Wild Swans: Three Daughters of China

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Simon and Schuster, Jun 20, 2008 - Biography & Autobiography - 544 pages
55 Reviews
The story of three generations in twentieth-century China that blends the intimacy of memoir and the panoramic sweep of eyewitness history—a bestselling classic in thirty languages with more than ten million copies sold around the world, now with a new introduction from the author.

An engrossing record of Mao’s impact on China, an unusual window on the female experience in the modern world, and an inspiring tale of courage and love, Jung Chang describes the extraordinary lives and experiences of her family members: her grandmother, a warlord’s concubine; her mother’s struggles as a young idealistic Communist; and her parents’ experience as members of the Communist elite and their ordeal during the Cultural Revolution. Chang was a Red Guard briefly at the age of fourteen, then worked as a peasant, a “barefoot doctor,” a steelworker, and an electrician. As the story of each generation unfolds, Chang captures in gripping, moving—and ultimately uplifting—detail the cycles of violent drama visited on her own family and millions of others caught in the whirlwind of history.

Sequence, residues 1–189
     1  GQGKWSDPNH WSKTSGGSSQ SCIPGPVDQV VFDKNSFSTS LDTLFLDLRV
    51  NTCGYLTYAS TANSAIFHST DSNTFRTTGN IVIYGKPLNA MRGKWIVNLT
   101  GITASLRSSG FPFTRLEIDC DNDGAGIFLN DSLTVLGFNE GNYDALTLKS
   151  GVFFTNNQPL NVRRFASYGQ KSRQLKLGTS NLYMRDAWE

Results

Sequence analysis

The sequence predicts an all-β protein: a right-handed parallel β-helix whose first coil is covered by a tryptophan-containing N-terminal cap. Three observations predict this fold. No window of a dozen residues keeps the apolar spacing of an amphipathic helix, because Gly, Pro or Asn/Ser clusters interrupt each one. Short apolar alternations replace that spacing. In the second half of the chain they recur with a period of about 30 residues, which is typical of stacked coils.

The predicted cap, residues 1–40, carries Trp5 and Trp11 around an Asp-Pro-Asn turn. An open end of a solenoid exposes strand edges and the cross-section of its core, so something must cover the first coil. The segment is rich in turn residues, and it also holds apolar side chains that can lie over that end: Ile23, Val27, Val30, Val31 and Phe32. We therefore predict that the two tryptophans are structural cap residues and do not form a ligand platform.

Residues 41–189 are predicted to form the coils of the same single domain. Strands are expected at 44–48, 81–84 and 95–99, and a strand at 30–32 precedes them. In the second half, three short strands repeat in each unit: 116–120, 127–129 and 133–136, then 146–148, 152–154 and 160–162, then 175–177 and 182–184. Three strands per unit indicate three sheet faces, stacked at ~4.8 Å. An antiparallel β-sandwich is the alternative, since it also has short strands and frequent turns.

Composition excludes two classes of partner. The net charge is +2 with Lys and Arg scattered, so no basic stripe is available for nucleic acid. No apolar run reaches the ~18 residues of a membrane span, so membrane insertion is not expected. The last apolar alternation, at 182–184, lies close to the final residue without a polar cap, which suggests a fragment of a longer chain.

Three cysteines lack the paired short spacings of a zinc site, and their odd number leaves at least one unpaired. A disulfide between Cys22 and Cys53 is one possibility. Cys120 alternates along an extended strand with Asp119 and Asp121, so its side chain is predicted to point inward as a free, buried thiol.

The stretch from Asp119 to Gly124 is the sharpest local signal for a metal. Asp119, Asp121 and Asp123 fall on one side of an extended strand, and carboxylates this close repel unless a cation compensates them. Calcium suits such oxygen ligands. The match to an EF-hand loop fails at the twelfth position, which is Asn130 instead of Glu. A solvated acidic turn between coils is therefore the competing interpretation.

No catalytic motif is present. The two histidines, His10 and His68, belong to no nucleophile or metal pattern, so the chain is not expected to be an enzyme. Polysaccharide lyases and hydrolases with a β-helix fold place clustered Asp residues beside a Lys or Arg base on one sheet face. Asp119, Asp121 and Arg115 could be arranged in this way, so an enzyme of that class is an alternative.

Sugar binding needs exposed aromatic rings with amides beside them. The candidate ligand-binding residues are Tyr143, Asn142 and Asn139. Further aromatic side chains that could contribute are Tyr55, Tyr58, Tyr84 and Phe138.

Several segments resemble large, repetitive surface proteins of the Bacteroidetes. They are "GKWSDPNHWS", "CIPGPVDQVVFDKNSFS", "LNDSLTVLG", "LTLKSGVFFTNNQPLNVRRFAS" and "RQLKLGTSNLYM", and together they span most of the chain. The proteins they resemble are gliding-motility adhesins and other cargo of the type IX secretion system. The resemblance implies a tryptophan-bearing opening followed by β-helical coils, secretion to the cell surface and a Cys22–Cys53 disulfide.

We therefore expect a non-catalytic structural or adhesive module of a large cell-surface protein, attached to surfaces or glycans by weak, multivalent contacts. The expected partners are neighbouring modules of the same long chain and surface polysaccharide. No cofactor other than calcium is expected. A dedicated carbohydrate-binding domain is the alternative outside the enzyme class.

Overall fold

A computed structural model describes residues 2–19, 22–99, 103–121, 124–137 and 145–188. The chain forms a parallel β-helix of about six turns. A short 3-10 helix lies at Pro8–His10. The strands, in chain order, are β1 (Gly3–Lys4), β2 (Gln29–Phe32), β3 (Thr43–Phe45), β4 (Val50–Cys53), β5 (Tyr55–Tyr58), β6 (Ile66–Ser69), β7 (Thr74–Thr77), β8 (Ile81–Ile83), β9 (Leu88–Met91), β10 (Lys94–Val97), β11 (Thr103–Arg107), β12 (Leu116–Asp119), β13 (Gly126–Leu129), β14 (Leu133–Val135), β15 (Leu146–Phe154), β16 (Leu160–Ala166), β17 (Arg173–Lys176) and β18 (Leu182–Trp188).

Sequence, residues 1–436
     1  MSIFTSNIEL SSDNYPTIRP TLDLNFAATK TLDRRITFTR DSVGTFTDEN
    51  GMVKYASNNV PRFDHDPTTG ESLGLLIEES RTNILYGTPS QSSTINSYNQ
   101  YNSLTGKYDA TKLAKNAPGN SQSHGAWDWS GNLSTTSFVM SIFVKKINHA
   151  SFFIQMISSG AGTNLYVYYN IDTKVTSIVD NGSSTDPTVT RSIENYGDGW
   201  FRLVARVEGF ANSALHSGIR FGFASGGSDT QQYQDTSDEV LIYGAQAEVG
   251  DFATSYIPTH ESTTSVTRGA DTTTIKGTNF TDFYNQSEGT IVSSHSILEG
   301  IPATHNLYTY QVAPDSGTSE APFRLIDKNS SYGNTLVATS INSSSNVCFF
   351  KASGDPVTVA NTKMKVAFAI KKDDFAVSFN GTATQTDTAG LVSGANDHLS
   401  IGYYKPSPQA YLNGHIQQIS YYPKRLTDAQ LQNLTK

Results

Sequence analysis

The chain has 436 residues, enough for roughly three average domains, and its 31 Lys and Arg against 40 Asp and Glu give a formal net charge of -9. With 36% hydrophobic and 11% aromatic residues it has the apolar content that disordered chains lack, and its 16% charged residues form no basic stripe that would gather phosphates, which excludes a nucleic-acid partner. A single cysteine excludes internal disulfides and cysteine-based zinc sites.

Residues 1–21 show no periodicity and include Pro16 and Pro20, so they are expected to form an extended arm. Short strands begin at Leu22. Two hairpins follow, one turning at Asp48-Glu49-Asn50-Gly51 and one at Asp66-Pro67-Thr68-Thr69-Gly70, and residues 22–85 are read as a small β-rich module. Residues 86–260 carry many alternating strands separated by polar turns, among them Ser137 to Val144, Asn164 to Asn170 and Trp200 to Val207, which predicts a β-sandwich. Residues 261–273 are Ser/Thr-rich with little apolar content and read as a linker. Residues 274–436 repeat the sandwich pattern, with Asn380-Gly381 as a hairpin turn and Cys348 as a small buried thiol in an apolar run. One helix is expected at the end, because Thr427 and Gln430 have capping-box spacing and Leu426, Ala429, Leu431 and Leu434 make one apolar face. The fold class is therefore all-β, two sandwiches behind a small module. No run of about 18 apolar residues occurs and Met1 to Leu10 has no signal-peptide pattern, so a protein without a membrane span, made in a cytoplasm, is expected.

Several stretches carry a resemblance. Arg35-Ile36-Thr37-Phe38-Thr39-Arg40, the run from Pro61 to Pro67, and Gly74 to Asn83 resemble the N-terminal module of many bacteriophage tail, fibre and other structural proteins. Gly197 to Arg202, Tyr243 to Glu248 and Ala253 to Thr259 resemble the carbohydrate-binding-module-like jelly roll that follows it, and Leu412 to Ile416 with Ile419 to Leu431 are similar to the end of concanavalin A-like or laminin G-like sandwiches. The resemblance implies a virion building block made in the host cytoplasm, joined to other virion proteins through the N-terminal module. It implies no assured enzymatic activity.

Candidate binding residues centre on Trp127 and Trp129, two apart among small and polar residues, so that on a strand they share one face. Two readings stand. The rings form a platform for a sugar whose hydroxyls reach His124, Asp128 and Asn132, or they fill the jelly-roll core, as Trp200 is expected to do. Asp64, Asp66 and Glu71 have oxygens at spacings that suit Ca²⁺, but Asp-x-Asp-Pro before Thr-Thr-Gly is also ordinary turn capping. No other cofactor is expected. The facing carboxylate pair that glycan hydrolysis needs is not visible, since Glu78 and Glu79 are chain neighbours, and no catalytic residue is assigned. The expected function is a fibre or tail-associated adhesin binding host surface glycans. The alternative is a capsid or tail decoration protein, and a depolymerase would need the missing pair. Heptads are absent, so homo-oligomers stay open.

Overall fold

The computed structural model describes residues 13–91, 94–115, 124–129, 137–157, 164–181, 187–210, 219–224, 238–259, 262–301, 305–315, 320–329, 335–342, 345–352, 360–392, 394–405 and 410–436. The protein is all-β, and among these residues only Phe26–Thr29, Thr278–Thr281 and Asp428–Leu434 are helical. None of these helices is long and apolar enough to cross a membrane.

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Review: Wild Swans: Three Daughters of China

User Review  - Danielle Katz - Goodreads

This was a amazing the first 100 pages or so. But Its difficult to read this style of writing (very detailed stream of consciousness, first person account). I don't have the stamina to keep reading it. But I think its an important book for those interested in women and China. Read full review

Review: Wild Swans: Three Daughters of China

User Review  - Goodreads

A primer that serves as an introduction to Chinese history as presented through the lives of three women: grandmother, mother, & daughter. Wow, these women really suffered! Talk about resilience. I ... Read full review

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About the author (2008)

Jung Chang was born in Yibin, Sichuan Province, China, in 1952. She left China for Britain in 1978 and obtained a Ph.D. in linguistics from the University of York in 1982, the first person from the People’s Republic of China to receive a doctorate from a British university. She lives in London with her husband, Jon Halliday, with whom she wrote Mao: The Unknown Story.

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